Sonoma County 3rd highest in protected acres in Bay Area, but has most land threatened by potential development, report says
By BRETT WILKISON
THE PRESS DEMOCRAT
Sonoma County has the third-highest tally of protected open space in the nine-county Bay Area.
But more land in the county also remains threatened by development than in any other part of the bay region, according to a new report from the Greenbelt Alliance, an open space preservation group.
About 115,000 acres — an area more than four times the size of Santa Rosa — could be transformed by development within the next three decades, the group said.
That’s more than a third of the 322,000 acres across the Bay Area likely to be threatened by development over the next 30 years, the report said.
The environmental group, which has produced the report every six years since the late 1980s, said it provides a snapshot of the mix of building pressure and open space protection throughout the 4.5-million-acre Bay Area.
Open space advocates and government officials said it serves as a useful report card for growth and land-use issues.
“It reminds everybody what’s at risk and what we need to do,” said Ralph Benson, executive director of the Sonoma Land Trust, a private nonprofit organization that has protected about 25,000 acres in Sonoma County.
A local building industry leader, however, said it appears to overstate development pressure that has hardly existed since the recession.
That dropoff, combined with the county’s low population growth in the past decade, government zoning and subdivision restrictions and public and private land protection efforts, have stemmed any risk of overdevelopment, said Keith Woods, chief executive officer of the North Coast Builders Exchange.
“The threat doesn’t seem real to me,” Woods said.
Because of Sonoma County’s size — at just over 1 million acres, it is the largest county in the Bay Area — open space leaders and building representatives said they were not surprised it ranked at the top of the group’s list for acreage that could face future development pressure.
The county’s tally is higher than the combined acreage identified as at risk in Santa Clara, Alameda and San Mateo counties, three of the region’s largest by population, but with a far smaller store of open land.
Rural lands at low risk of development still make up the widest swath of Sonoma County — about 649,200 acres, or almost two-thirds of the total acreage.
The area protected in parks, open space and farmland, meanwhile, has grown by 28 percent since 2006, to 171,200 acres, or 16.9 percent of the county. Across the Bay Area, 1.1 million acres are protected and an additional 2.2 million are at low risk for development.
Work by Sonoma County’s tax-supported Agricultural Preservation and Open Space District, which has set aside more than 85,000 acres since 1990, has been a main factor fueling the increase of protected land locally.
Other factors include the voter-approved urban growth boundaries now ringing all nine cities in the county. Most date from the mid- to late 1990s and government planners say their effect has been to contain most development to urban areas.
Subdivision limits and rules to protect open land between cities, called “community separators,” have also been a factor in the unincorporated area, said Jennifer Barrett, the county’s deputy planning director.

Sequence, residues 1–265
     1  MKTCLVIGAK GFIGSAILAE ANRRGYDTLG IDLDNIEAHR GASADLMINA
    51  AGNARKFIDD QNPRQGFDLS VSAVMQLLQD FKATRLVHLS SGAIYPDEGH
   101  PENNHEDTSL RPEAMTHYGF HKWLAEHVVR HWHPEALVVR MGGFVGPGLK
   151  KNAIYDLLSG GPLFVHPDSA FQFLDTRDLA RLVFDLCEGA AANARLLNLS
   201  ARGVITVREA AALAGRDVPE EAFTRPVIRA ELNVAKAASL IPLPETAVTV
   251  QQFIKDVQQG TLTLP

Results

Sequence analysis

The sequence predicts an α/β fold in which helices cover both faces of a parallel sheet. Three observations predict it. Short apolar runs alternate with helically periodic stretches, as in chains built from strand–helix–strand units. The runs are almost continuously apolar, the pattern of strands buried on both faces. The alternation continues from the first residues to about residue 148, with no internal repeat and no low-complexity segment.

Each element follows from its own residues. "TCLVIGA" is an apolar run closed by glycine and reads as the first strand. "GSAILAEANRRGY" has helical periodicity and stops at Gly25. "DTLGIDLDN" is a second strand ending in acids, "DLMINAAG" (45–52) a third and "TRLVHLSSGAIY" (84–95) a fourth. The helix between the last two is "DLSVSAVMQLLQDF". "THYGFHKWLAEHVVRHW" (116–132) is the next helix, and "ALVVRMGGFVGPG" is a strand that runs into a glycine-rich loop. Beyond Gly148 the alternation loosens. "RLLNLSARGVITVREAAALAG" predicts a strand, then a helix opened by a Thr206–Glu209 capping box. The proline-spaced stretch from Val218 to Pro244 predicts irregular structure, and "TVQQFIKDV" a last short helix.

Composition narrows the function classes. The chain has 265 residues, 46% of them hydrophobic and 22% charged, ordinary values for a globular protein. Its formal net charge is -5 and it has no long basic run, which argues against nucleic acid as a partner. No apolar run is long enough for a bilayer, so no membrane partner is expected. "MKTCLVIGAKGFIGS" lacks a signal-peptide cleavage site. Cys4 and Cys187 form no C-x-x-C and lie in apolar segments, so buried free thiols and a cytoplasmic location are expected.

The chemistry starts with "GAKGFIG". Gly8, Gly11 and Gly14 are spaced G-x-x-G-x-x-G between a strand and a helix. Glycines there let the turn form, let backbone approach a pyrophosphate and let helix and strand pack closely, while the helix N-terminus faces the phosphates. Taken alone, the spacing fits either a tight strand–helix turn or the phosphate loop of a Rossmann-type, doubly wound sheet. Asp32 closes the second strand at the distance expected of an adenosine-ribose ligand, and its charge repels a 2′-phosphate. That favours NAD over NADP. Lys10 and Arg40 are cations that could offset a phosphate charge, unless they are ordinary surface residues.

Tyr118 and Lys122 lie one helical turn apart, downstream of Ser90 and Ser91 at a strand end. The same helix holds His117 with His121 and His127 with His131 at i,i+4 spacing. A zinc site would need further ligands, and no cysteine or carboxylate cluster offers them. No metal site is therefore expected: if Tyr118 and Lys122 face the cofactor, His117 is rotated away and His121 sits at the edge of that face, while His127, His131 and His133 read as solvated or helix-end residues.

“Most development now follows the urban corridor,” she said.
But a quarter of the county still has little protection from urban sprawl or rural subdivision, according to the Greenbelt Alliance. The highest-risk parcels, representing 13,800 acres, could be transformed into houses and other uses in the next 10 years, the report said.
Lands the group said were at risk encircle the county’s three largest cities — Santa Rosa, Petaluma and Rohnert Park — and ring Sonoma and Sebastopol. They were selected based on zoning rules, planning documents and interviews with sources, said Amanda Bornstein, a Santa Rosa-based senior field representative with the group.
Other parcels in Sonoma Valley, Healdsburg and Cloverdale show up because of development proposals that have either been approved or are in the pipeline, Bornstein said.
Preservation Ranch, the large timber-to-vineyard conversion project proposed in rural northwestern Sonoma County, makes the list because its latest proposal includes the potential for a number of homesites, she said.
She said stronger coordination in other areas between cities and counties has helped those jurisdictions limit the threat of sprawl.
“Sonoma County has done a great job, but there’s still more work to do,” Bornstein said.
Much of the development potential put forward by the group is in an indefinite holding pattern or may never materialize, said Woods, the builders’ exchange executive.
“The marketplace is dictating that it will be a serious long time before big development will take place and most of that development is going to be within urban-growth boundaries,” he said.
But conservation officials said the report could help them with decisions in the interim about where to steer the now-diminished amount of public open space dollars.
“We all know that everything is cyclical,” said Bill Keene, general manager of the county Open Space District. “The next boom is around the corner. Will it be like past booms? Maybe not. But you want to be prepared. Things can change very quickly.”
In Sonoma County, the largest Bay Area county:
Permanently protected, third in Bay Area counties
At high-to-medium risk of development in next 30 years, first among Bay Area counties
At low risk of development
You can reach Staff Writer Brett Wilkison at 521-5295 or firstname.lastname@example.org.